Your name can keep you on top of society for 28 generations

The 1 Percent vs. the 99 Percent

Thomas Piketty got a lot of attention, both good and bad, for his latest book. If you’ve never read it (admittedly, I have not either), the central idea is that, in capitalist economies, wealth will naturally concentrate in the hands of a few people because the return on capital investments typically exceeds standard economic growth. Because visuals are always good, here’s one of the many charts he uses in making his point:

Thomas Piketty Living Standards Data

As you can see there, in 1800s France the top 1 percent of inherited wealth had about 19 times more (in terms of multiple of average income) than the top 1 percent of labor earners. That evened out right after WW2, but now we’re going back to a place where the inherited wealth is doubling the earned wealth, essentially. (And that will probably rise.)

Now there’s a new study on “Surnames and Social Mobility in England, 1170-2012”, summarized here, that looks at 28 whole generations of British life and finds that many of the top surnames — Darcy, Percy, Talbot, etc. — have been at the top of that society for roughly the entire time.

The money quote on that paper?

“Social mobility in England in 2012 was little greater than pre-industrial times.”

The spread of universal schooling, the Industrial Revolution, the rise of the social democratic state — none of those things, viewed as large cultural events, actually really changed anything in terms of social mobility and who dominates and concentrates the wealth.

You might stop and think now that the two things referenced above are discussing England and France, and those are different types of societies than the U.S. England has a queen, right? And French people don’t like to work? Isn’t that all right?

Here’s the problem: in the United States, we have our own issues with social mobility. A family in the bottom 90 percent of earners in the U.S. isn’t any richer than they were in 1986; a family in the top 10 percent probably is. People have claimed the U.S. is an oligarchy.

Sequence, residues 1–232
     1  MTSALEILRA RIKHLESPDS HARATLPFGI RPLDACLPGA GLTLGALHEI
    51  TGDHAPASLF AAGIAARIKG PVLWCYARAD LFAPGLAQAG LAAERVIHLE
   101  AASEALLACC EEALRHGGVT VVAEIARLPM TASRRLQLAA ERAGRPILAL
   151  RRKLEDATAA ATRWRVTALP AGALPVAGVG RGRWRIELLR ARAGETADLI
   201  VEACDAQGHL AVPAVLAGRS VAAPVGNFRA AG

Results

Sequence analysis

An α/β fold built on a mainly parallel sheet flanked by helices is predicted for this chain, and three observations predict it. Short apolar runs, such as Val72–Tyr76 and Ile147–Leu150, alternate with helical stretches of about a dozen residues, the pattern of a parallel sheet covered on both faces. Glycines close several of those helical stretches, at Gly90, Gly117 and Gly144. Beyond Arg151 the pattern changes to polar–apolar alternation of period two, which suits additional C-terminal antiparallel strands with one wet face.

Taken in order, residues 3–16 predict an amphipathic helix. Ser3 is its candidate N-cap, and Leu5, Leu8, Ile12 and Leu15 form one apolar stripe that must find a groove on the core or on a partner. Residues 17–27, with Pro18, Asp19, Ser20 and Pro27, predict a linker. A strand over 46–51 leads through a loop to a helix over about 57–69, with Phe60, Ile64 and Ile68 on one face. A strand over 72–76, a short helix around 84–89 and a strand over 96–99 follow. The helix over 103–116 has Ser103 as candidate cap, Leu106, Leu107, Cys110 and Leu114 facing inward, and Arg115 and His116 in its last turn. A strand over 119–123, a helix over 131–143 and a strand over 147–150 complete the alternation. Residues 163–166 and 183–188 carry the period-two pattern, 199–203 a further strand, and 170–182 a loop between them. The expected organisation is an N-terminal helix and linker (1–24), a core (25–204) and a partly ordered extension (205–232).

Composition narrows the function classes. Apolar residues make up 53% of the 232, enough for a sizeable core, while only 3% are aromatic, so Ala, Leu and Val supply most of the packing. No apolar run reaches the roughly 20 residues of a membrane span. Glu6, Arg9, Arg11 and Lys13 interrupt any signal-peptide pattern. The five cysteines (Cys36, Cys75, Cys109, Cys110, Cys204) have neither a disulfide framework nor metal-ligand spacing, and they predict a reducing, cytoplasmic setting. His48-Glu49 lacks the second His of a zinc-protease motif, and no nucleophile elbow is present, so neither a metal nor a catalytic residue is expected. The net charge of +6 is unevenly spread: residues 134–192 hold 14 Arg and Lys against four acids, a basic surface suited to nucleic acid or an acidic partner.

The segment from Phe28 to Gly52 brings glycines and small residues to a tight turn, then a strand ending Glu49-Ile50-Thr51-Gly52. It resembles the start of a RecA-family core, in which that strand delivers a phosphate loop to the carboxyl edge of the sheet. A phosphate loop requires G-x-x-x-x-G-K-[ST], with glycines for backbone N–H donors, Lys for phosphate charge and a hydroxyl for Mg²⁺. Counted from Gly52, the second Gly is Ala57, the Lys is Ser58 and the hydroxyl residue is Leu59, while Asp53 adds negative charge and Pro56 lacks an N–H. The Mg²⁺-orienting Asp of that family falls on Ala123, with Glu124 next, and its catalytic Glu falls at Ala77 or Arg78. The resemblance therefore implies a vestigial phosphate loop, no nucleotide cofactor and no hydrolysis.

Think about this names study from England for a second. Let’s say Hilary Clinton runs, and wins, in 2016. (Both potentially longshots at some level.) Let’s say she gets two terms. That means that 20 years of American history will belong to Presidents from two families. (4 Bush elder, 8 Bush younger, 8 Clintons.) 20 years isn’t a grand number in the whole lot of things, but still … that’s 20 years between 1988 and 2024. Kind of a sign things are maybe not headed in the right direction?

Lack of social mobility and its eventual even decline is a major issue for the next 1-2 generations and way beyond.

In the United States, I kind of always think the way to look at it is this: if you want to live on a coast and have a relatively decent job, it might be harder to hit the “life milestones” like kids, travel, early retirement, etc. You’re doing more scrapping. If you want to live in seemingly less-desirable places, it might be a little easier to get by. It’s all about the sacrifices you choose to make, because the market isn’t shifting for the needs of one individual or one family (unless that individual has some kind of change-the-world plan).

Ted Bauer


  1. I think you’re on to a great idea here. I also think the concentration of wealth has alot more to do with world history than just bullying markets. Whats your take on the Rothschild farse of 1877 when Napoleon lost at Waterloo? False news allowed that family to buy up alot of English stocks when they crashed on rumors Napoleon won the war. A lot of wars seem to be created over nothing, similar financiers fund both sides of the equation, and many civilians are fooled to fight for bogus causes. Some hold this as common knowledge, but most do not care because the situation is futile, and a wartime economy is usually more profittable.

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